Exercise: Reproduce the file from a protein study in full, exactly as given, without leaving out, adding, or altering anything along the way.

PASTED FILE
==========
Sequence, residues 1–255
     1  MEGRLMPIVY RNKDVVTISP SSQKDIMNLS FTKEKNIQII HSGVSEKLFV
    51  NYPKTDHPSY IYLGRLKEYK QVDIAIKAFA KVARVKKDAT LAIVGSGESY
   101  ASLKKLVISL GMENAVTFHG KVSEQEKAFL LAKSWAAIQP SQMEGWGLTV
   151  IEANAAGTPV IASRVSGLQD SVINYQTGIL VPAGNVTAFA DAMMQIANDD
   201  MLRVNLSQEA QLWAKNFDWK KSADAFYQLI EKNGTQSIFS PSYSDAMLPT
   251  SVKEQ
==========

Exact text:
Sequence, residues 1–255
     1  MEGRLMPIVY RNKDVVTISP SSQKDIMNLS FTKEKNIQII HSGVSEKLFV
    51  NYPKTDHPSY IYLGRLKEYK QVDIAIKAFA KVARVKKDAT LAIVGSGESY
   101  ASLKKLVISL GMENAVTFHG KVSEQEKAFL LAKSWAAIQP SQMEGWGLTV
   151  IEANAAGTPV IASRVSGLQD SVINYQTGIL VPAGNVTAFA DAMMQIANDD
   201  MLRVNLSQEA QLWAKNFDWK KSADAFYQLI EKNGTQSIFS PSYSDAMLPT
   251  SVKEQ